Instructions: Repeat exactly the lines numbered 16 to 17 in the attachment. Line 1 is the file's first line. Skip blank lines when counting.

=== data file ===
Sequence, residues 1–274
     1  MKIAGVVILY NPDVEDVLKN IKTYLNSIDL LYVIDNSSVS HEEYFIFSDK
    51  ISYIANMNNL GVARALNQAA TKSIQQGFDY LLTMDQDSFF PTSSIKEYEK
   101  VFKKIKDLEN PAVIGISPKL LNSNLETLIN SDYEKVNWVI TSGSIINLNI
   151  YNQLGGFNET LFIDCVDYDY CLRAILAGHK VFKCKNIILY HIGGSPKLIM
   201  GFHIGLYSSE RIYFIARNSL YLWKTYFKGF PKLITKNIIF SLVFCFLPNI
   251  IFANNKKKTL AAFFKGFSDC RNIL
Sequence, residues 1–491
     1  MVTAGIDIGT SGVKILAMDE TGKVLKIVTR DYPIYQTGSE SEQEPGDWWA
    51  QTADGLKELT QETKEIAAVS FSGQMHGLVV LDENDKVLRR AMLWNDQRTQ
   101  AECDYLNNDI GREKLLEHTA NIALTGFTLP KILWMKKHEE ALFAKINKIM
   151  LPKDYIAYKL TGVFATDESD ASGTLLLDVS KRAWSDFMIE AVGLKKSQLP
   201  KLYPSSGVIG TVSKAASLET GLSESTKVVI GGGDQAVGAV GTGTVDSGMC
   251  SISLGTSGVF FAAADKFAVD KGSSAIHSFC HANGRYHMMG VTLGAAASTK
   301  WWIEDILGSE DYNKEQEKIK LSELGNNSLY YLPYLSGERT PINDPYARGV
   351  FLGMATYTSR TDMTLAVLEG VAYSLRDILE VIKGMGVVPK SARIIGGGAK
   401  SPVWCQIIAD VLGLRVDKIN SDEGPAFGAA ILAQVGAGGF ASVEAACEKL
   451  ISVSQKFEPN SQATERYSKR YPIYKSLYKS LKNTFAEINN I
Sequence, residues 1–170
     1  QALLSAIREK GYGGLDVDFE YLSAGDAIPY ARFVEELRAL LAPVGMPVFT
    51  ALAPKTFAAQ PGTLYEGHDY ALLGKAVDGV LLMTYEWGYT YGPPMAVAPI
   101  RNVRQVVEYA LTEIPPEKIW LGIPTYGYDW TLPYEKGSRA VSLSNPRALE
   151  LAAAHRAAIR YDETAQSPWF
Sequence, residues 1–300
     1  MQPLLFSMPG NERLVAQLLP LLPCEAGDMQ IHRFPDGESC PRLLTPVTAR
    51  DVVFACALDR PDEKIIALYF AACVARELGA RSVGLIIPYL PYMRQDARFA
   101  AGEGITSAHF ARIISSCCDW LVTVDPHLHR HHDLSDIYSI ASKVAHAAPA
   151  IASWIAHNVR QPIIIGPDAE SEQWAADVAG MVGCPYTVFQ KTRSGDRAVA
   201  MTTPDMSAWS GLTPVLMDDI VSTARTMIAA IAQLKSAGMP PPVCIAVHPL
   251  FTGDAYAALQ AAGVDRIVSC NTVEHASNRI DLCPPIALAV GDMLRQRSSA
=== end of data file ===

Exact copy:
   351  FLGMATYTSR TDMTLAVLEG VAYSLRDILE VIKGMGVVPK SARIIGGGAK
   401  SPVWCQIIAD VLGLRVDKIN SDEGPAFGAA ILAQVGAGGF ASVEAACEKL